Succulents are drought-resistant plants with vibrant colors and unique shapes. Some varieties grow to just a few inches tall, while some can reach as high as 12 feet or more. However, while they are easy to care for, they can be plagued with bugs and pests such as aphids.
These sneaky pests blend with the color of most plants which makes them hard to spot.
Aphids on Succulents: What are they?
Aphids are small insects that belong to the family Aphidoidea. They are also called greenflies and blackflies. Some are fluffy white, although certain species may vary in color.
These soft-bodied pests use their piercing, sucking mouthparts to feed on the sap of succulents and other plants. Their colonies are often found on the undersides of leaves; heavily-infested plants turn yellow, become wilted, and fall off.
These insects inject their saliva into plants, causing the leaves and flowers to pucker or become extremely distorted. They also produce a sugary liquid waste called honeydew.
Sooty mold fungus can grow on honeydew deposits that accumulate on leaves, turning them black. The presence of this mold in succulents is an early indication that aphids are lurking in the plants. The honeydew deposits attract ants that feed on sweet materials. Aside from mold, these pests may also be vectors for certain viruses.
The Life Cycle of Aphids on Succulents
Winged adults deposit their eggs on succulent leaves before they fly off to other plants and lay eggs again. These pests usually attack entire gardens with this tactic. The eggs will then hatch and start to feed on the leaves. They may stay on the same plants for a few lifecycles before the winged adults lay eggs again.
The ants are the aphids’ partners in crime since they are known to herd and protect aphids on the plants in exchange for the honeydew deposits. They have chemicals that are said to keep the aphids calm and techniques to get the honeydew.
The ants, or ant farmers, act as protectors of the aphids and are known to fight off other insects that attempt to eat the latter. Interestingly, ants will keep the aphids on the same plant and prevent them from leaving by biting off their wings.
How can I get rid of aphids on succulents?
These are some ways to get rid of aphids on succulents:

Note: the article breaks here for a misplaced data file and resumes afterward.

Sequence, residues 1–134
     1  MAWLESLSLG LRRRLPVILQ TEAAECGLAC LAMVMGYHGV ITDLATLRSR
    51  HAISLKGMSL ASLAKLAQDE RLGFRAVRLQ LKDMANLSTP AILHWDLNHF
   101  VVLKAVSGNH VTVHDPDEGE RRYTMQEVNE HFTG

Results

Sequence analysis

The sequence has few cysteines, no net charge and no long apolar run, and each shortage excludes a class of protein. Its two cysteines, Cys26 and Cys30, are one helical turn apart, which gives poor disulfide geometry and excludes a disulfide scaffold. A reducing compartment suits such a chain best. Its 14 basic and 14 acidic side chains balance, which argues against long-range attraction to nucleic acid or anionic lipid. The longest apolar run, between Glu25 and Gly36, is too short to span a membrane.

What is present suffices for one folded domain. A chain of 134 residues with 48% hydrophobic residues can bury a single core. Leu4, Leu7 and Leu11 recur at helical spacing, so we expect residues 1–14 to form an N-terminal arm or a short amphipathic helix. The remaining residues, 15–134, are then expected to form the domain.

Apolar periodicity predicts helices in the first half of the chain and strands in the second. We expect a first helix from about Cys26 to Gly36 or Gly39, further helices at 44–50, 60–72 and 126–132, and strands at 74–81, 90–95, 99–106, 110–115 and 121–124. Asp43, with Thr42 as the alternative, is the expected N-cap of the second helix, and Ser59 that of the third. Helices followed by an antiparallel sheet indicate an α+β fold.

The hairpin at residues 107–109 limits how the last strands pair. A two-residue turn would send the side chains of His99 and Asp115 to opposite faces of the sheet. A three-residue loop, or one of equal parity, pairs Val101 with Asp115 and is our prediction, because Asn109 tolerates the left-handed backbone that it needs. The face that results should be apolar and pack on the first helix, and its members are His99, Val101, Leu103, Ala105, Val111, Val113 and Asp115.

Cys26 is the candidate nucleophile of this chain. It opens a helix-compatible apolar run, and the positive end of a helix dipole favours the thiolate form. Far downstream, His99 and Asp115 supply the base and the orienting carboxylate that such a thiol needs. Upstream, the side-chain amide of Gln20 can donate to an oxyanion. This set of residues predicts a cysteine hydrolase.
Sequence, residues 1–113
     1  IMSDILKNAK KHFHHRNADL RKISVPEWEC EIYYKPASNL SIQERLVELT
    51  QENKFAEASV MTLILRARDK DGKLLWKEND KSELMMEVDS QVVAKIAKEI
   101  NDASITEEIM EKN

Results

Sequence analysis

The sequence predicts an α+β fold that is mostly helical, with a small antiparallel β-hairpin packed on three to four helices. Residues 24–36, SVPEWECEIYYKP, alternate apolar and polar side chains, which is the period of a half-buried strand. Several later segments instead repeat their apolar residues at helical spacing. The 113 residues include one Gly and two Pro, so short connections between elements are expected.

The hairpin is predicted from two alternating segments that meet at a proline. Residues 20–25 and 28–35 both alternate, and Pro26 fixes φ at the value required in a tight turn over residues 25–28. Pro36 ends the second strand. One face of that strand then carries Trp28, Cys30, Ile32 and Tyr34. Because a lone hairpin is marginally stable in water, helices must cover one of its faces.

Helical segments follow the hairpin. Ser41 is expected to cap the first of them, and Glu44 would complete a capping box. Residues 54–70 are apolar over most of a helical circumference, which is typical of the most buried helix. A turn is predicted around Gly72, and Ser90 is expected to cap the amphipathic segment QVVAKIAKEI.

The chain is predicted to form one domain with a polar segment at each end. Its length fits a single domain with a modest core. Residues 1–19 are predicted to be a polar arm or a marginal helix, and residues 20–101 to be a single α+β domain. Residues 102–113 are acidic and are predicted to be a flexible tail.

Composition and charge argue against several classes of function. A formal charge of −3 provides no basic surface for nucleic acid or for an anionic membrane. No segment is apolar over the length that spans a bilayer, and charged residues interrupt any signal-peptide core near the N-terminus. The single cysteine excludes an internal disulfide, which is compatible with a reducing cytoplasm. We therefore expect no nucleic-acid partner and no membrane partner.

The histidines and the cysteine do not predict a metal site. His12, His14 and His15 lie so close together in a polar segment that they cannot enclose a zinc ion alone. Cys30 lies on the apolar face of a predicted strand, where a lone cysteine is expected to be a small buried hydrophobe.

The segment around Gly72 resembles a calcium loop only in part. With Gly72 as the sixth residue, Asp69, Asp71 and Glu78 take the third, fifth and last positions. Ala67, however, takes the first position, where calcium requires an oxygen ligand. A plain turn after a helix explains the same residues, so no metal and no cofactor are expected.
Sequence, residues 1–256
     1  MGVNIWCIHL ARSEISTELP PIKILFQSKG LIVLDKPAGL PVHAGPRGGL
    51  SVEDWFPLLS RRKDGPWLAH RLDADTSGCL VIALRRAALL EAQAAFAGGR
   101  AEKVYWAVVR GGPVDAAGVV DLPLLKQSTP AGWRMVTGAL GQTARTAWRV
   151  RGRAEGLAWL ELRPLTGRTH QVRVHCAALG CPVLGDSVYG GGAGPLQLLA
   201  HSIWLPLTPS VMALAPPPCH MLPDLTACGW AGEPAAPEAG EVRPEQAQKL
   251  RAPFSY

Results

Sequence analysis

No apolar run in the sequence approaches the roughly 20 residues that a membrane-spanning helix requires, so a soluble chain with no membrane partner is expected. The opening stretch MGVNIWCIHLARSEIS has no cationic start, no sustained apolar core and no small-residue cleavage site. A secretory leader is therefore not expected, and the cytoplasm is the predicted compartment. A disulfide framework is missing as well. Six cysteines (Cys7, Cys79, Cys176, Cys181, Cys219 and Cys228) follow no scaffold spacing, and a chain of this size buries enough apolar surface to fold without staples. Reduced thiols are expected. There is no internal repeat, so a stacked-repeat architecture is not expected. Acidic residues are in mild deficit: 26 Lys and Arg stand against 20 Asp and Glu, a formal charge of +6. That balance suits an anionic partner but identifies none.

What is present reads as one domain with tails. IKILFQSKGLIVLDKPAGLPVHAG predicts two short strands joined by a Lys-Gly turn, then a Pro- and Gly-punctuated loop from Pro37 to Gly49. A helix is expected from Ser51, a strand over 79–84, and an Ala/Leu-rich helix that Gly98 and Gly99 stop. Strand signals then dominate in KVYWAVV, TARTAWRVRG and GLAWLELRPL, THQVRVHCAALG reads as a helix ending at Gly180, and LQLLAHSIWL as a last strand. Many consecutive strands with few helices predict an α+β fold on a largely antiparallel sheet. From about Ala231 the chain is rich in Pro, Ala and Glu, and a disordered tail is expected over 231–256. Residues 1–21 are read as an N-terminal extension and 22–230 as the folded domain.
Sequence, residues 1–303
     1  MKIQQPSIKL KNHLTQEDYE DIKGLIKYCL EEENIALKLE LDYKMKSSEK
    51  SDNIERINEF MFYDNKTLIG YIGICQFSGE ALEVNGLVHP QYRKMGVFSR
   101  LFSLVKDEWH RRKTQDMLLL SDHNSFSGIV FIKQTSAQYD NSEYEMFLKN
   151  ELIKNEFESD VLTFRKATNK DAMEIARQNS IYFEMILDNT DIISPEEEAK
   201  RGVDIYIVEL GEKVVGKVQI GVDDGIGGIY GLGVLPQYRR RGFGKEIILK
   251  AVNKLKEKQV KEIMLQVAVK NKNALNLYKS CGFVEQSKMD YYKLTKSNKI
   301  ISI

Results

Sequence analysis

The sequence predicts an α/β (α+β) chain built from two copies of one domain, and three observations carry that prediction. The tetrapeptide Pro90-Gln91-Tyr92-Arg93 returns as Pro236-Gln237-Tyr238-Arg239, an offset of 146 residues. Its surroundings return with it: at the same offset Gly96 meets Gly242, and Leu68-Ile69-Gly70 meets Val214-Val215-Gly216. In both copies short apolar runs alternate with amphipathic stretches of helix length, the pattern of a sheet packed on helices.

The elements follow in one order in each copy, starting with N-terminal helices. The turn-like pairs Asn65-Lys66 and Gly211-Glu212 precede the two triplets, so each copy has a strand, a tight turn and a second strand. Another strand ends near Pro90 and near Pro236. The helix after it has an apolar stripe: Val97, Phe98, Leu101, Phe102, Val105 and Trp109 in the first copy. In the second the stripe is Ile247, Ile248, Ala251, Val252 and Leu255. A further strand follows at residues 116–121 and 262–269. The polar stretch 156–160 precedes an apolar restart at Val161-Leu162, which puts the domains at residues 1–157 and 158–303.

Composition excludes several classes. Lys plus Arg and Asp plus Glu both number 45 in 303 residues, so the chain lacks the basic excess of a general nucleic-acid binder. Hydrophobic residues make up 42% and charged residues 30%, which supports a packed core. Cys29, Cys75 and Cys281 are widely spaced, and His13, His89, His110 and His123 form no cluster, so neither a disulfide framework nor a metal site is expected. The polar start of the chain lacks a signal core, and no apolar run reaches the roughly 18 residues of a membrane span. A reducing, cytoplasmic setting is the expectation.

By spraying or rinsing aphids off with a strong jet of water
Aphids usually cannot withstand hot temperatures and die on their own. You can also spray or rinse them off your plants with a strong jet of water. This is often enough to eradicate these pests, although they may eventually come back or transfer to other plants.
By pruning off affected plant areas
You can also get rid of these pests by pruning or cutting off affected stems and leaves. Remove and burn them to avoid other plants from being infected.
By spraying the pests with a soap and water mixture
You can also get rid of aphids by spraying them with a dish soap and water solution. Some plant owners recommend Castile since it contains vegetable oil or animal fat that smothers and kills the pests. Simply grate three teaspoonfuls of Castile and mix it with warm water. Spray the plants directly and repeat daily until you cannot see any more of the pests.
By getting rid of the ant farmers
You cannot successfully eradicate aphids if the ant farmers are still lurking. Destroy the anthills by pouring boiling water on them. You can also plant bright-colored flowers near the colonies or anthills to attract predators, or buy nematodes that like to feed on ants.
By planting companion plants alongside the succulents
Certain plants produce strong phytochemicals that deter aphids from approaching succulents, such as garlic and onions. Aphids dislike the sulfur scent. Certain herbs also emit scents that aphids hate. These include mint, cilantro, and oregano, which are also good for cooking. Plant the mint in pots and not directly into the ground.
Plants like feverfew lure aphids away from succulents. You may also place plants that attract aphid predators, such as ladybugs. These plants include marigolds, sunflowers, and Nasturtium. Aphids do not like the smell, but their predators are attracted to these plants because of the flowers.
By using essential oils
Essential oils like peppermint, thyme, and cloves are also effective in eradicating aphids. Simply add five to six drops of each of the oils, mix it with water, and spray it on the affected areas liberally. The pests dislike the scent and chemical reactions, so they should go away or eventually die.
By using Pyrethrum
Pyrethrum is a chemical and pesticide made from the chrysanthemum plant. It is effective in killing aphids and ants as well as other pests. Use this with extreme caution and do not allow pets or children to go near the area where you are spraying the chemical.
Aphids on succulents can be disgusting and life-threatening for the plants. Heavy infestations of these pests cause succulents to develop yellow spots, become wilted, and die. These insects are also known to be carriers of fungal diseases and viruses.
Get rid of these harmful pests by using essential oils spray, a soap and water mixture, or chemicals like Pyrethrum. It is also helpful to kill the ant farmers by pouring boiling water on the anthills or attracting pest predators like ladybugs.
Image: istockphoto.com / Andy Nowack